Cheese Bacterium being researched for Biofuel Production

Research into Lactococcus lactis could help future biofuel production

A bacterium (Lactococcus lactis) that transforms milk into cheese is being  researched by Concordia University who want to “convince” it that its natural vocation can also help to produce biofuels.

Two Concordia University researchers Prof Vincent Martin and his PhD student Andrew Wieczorek, have published a study which demonstrates how structural or scaffolding proteins on the surface of the bacteria can lead to the digestion of plant material into biofuels, namely Biodiesel.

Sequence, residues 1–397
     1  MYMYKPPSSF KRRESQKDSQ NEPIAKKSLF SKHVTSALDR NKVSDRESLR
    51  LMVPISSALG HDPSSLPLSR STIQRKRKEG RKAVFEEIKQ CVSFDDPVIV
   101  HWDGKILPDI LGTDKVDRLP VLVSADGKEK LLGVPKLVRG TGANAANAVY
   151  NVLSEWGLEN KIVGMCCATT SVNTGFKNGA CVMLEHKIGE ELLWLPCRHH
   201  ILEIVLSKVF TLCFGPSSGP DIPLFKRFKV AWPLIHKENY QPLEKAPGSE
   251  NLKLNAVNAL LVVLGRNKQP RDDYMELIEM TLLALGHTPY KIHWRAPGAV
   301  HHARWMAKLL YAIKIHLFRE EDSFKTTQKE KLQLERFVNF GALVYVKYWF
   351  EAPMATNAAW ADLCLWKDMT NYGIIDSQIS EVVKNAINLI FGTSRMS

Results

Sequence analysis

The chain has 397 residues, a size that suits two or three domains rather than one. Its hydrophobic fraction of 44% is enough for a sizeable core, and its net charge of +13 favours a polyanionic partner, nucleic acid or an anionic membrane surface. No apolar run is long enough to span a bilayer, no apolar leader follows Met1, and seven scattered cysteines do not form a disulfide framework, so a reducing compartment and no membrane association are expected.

“This is the first study to show how the scaffolding proteins, can be secreted and localized to the cell surface of Lactococcus,” says Dr. Martin. He is also Canada Research Chair in Microbial Genomics and Engineering.

“Exporting these proteins and localizing them to the outside of the cell is a huge milestone. This can enhance the efficiency of any bioprocesses or the breakdown of organic materials.”

The study, published in the journal Microbial Cell Factories, also details how the skeletal proteins of the lactic bacterium bond with multiple compounds.

Their studies will continue into more efficient biofuels production, namely woring out larger and more complex scaffolds that could encourage other bio-processes.

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